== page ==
Multiple facets of perceived value perceptions drive loyalty intentions. However, this value-loyalty link is not uniform for all customers. In fact, the present study identifies three different segments that are internally consistent and stable across different service industries, using two data sets: the wireless telecommunication industry (sample size 1,122) and the financial services industry (sample size 982). Comparing the results of a single-class solution with finite mixture results confirms the existence of unobserved customer segments. The three segments found are characterized as “rationalists”, “functionalists” and “value maximizers”. These results point the way for value-based segmentation in loyalty initiatives and reflect the importance of a multidimensional conceptualization of perceived value, comprising cognitive and affective components. The present results substantiate the fact that assuming a homogeneous value-loyalty link provides a misleading view of the market. The paper derives implications for marketing research and practice in terms of segmentation, positioning, loyalty programs and strategic alliances.
This study tests the asymmetric effect of user-generated, open-ended online reviews on online shopping behaviour (intention-to-buy, intention-to-recommend, and willingness-to-pay). Three online experiments involving manipulating the valence intensity of online reviews for hotels, books, and running shoes (overall customer sample of n=818) provide empirical support for the proposed relationship. The valence intensity of online reviews moderates the effect of online reviews on purchase intentions. In other words, a significant change in online shopping behaviour was found for positive medium and strong reviews, but not for negative ones. Based on these findings, managers should encourage customers to share their positive consumption-related experiences by offering strong arguments that will convince other customers.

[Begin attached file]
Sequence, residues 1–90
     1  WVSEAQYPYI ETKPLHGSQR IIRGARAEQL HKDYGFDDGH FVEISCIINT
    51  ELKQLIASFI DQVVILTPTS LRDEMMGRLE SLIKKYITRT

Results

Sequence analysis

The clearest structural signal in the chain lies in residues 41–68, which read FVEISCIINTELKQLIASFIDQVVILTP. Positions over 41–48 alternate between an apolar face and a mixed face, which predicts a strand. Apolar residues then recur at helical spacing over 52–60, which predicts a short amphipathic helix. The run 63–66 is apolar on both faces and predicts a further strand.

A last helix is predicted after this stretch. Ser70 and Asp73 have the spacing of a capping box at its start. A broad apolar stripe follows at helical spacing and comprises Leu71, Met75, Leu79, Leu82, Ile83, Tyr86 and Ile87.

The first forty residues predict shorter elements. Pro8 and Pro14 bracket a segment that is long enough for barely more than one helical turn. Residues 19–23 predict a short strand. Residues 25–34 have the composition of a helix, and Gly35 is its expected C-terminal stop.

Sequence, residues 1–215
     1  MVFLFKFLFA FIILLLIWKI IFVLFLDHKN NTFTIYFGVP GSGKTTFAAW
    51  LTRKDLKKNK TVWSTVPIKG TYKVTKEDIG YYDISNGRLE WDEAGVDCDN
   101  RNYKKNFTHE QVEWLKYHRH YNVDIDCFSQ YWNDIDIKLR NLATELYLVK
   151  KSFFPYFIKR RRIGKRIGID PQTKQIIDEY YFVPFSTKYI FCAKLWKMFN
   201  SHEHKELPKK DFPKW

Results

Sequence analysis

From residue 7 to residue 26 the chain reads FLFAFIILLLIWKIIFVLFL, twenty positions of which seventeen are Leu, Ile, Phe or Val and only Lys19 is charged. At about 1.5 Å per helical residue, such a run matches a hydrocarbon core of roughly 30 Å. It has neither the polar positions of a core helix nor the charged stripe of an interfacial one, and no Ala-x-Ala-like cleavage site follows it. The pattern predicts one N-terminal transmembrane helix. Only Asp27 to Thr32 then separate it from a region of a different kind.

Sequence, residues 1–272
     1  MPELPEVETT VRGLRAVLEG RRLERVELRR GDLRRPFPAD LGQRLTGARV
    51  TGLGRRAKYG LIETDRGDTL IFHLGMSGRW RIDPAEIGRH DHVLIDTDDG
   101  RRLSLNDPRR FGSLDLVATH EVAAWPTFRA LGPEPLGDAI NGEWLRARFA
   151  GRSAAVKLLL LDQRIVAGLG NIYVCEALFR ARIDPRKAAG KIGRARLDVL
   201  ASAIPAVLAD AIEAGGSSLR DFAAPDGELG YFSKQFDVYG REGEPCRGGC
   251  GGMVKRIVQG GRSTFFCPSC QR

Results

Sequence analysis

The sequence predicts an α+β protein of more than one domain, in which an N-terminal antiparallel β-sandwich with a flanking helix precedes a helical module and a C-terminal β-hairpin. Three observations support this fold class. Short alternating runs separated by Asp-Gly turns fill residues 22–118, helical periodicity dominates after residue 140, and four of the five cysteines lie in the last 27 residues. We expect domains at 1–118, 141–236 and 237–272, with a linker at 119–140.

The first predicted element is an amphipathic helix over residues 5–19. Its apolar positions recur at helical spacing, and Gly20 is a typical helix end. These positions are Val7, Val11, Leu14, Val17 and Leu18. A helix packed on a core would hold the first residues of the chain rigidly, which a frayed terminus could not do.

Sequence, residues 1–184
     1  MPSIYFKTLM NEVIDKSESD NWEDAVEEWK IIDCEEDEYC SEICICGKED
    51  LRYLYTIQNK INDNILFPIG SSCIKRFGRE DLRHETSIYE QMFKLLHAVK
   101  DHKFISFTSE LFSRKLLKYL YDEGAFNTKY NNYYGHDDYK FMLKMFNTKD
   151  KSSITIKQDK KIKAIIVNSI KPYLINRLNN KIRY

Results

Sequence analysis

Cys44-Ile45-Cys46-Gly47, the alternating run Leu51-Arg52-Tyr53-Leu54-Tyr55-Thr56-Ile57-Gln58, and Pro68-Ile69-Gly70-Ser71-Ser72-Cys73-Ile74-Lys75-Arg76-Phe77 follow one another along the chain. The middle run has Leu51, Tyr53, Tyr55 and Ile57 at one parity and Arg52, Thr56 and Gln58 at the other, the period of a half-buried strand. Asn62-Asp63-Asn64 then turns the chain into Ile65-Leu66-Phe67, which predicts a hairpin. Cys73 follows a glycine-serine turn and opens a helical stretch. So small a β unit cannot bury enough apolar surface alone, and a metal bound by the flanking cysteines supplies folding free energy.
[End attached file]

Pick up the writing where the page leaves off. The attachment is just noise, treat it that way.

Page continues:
At first sight the Internet is the ideal medium for carrying out banking activities due to its cost savings potential and speed of information transmission. From a technological and cost-driven standpoint it may seem quite logical for banks to shift as many banking activities online as possible. At the same time, the question of how to foster customer loyalty arises when the relationship between the bank and the user becomes a virtual one. This paper investigates the importance of antecedents of online loyalty such as trust, quality of the Web site, quality of the service and overall satisfaction. Rather than investigating which factors drive customers to use online banking instead of offline banking, this paper addresses the problem of how to keep customers online and loyal to a specific supplier. A survey among more than 2,000 customers of an Austrian online bank was conducted and a structural equation modeling approach was used to gain important insights into how customer retention in the online banking business can be ensured. Satisfaction and trust were identified as important antecedents of loyalty. Additionally, the moderating role of consumer characteristics (gender, age, involvement, perceived risk and technophobia) was supported by the data.
Page Owner: af0021
Page Created: Wednesday 4 January 2012 09:44:18 by ri0002
Last Modified: Thursday 2 February 2017 09:03:02 by pj0010
Expiry Date: Thursday 4 April 2013 09:43:32
Assembly date: Wed Sep 20 09:49:00 BST 2017
Content ID: 70729